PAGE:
Hey, this chapter is about new features, so why are we talking about things that are removed? Well, if you're a developer, you probably want to know up front that you aren't going to find certain things in the new Access. And that would be particularly important if one of your solutions relied on affected functionality.
There comes a time when some things are no longer need. It could be because they have been replaced by something so much better, because other influences have added risks, or because they have slowly become obsolete. Those are the main reasons why some features are not supported by Access 2007. For the most part, there are new and better options. The following sections explain the more common Access features that have been removed or replaced with an alternative.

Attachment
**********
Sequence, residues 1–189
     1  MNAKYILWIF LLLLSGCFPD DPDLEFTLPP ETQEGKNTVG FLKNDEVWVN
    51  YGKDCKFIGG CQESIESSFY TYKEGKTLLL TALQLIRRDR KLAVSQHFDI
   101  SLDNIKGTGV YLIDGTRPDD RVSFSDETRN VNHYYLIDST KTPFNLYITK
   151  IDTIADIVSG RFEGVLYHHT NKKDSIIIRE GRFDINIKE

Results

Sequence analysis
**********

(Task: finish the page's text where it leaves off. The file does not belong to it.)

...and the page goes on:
Data Access Pages (DAPs) were primarily used to work with an Access database over the Internet. DAP was essentially a Web form that allowed users to view, enter, edit, and delete data. However, DAPs didn't offer the features and flexibility that users needed; they were based on Active X technology, and they suffered from various security issues. Although you cannot open or work with DAPs in Access 2007, you can open them with Internet Explorer.
Office and Access 2007 offer a variety of solutions that provide the security and flexibility that users expect. Integration with InfoPath, SharePoint, and SQL Server are great examples. There is also new ...